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In dry terrain or heavily wooded areas, you should consider the necessity of building a fire. In emergencies or cold weather, particularly at night, a fire may be critical. At other times, a fire may not be necessary.

If you decide to build a fire:

Campfire with sticks forming a teepee
  • Be extremely careful to avoid starting a fire that can spread to surrounding grass.
    • Clear an area of bare dirt around the fire as a firebreak.
    • Place rocks around the fire to help contain it.
    • Watch out for flying ash and sparks.
    • Never leave a fire unattended.
  • Select a site where the fire’s heat will radiate into the shelter. Your sleeping area should be located between the shelter wall and the fire.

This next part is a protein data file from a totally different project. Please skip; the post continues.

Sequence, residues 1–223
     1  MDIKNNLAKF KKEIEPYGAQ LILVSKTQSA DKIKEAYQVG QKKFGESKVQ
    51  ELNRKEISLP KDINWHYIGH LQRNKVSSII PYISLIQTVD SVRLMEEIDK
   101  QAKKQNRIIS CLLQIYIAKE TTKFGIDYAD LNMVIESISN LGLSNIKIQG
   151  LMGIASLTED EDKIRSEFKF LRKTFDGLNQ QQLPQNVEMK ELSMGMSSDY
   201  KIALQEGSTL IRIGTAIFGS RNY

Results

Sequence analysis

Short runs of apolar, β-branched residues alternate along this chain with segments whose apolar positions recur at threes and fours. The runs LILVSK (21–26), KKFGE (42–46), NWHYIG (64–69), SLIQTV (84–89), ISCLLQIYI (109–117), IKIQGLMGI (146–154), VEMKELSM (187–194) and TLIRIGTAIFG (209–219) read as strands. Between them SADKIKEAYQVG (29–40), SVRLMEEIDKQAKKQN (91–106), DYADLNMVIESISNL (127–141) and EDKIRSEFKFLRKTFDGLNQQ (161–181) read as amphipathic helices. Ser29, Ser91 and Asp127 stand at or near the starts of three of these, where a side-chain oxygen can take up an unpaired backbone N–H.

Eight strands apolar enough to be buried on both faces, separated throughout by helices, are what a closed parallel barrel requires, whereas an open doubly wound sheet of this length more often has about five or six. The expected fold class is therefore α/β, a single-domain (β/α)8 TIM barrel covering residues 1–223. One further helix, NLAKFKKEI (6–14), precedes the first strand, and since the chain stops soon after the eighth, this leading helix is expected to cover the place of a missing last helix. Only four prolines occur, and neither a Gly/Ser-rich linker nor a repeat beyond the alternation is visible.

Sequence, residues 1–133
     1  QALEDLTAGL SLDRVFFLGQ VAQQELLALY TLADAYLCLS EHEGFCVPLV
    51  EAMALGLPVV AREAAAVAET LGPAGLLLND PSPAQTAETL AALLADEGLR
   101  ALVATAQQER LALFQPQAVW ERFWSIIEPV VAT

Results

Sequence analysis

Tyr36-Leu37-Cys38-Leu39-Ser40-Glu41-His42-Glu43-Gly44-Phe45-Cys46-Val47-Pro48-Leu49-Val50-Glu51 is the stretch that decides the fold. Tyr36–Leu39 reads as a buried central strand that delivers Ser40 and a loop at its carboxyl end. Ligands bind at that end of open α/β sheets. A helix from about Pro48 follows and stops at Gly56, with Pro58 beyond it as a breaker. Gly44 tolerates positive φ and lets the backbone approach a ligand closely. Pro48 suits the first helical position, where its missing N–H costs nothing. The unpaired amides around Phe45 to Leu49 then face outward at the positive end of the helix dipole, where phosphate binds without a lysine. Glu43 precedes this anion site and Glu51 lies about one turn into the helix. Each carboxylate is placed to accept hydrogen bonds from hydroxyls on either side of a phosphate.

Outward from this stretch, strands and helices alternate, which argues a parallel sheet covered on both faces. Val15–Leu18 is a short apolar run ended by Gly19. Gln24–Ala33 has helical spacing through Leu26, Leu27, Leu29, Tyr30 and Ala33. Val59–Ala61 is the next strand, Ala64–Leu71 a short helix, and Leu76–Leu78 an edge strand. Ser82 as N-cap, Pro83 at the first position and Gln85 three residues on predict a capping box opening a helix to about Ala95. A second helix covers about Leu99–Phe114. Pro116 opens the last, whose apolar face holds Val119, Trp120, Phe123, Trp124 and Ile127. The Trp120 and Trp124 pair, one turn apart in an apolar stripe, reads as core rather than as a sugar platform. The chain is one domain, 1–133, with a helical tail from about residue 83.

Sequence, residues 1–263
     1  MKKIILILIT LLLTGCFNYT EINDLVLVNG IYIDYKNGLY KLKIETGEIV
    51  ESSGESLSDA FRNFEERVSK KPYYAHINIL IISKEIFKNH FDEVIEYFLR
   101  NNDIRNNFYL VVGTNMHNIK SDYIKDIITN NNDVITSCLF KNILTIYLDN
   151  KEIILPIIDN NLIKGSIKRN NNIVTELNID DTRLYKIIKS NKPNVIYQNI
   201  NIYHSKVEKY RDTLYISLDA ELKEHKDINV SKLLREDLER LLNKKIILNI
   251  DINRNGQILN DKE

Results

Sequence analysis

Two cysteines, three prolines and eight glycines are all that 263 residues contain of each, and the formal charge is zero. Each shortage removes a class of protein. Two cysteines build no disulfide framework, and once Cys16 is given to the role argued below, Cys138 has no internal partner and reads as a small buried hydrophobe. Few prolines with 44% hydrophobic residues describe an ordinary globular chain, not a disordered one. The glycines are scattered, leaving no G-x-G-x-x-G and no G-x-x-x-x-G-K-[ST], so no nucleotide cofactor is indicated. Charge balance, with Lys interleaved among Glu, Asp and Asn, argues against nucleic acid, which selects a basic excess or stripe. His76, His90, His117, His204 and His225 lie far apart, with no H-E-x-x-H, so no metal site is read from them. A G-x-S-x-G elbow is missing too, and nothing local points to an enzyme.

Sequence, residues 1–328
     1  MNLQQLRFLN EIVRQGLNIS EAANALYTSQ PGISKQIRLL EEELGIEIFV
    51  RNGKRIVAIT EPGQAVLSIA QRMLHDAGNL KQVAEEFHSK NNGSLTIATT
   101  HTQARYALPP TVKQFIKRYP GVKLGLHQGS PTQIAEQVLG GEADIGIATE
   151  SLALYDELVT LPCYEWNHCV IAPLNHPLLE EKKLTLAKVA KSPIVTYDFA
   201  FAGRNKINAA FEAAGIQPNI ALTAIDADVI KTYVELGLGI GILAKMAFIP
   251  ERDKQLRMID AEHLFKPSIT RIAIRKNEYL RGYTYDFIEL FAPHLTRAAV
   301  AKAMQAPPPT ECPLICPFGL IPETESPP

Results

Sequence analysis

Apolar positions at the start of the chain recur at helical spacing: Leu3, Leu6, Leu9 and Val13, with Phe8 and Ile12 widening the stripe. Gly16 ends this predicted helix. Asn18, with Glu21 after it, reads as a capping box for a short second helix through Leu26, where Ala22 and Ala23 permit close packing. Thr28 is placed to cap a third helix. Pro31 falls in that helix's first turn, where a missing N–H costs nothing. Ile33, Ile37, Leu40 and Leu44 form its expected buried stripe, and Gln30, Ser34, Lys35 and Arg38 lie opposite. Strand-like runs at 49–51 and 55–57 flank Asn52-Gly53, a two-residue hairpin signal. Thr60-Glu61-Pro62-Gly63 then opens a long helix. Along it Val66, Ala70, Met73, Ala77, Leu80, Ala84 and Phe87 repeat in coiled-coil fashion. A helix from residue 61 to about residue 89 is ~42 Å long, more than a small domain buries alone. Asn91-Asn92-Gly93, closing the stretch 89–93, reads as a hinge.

• If there is snow on the ground, build the fire on a platform of green logs or rocks.
  • Gather everything you need before starting the fire. Pile downed wood ranging from small twigs to fuel logs next to the fire site.
  • Collect more fuel than you think you can use; you may need it.
  • Pile fine twigs, grass, or bark shavings loosely as a base. If you can’t find downed wood or dry kindling, shave dry wood from the inside of tree bark.
  • Place slightly larger sticks on the kindling until the pile is about 10 inches high.
  • If there’s a breeze, light one end of the kindling so that the flame is blown toward the rest of the fuel. Otherwise, light the kindling in the middle of the base.
  • As the flames spread to the larger twigs, slowly add more wood to the blaze. Add larger pieces as the fire grows.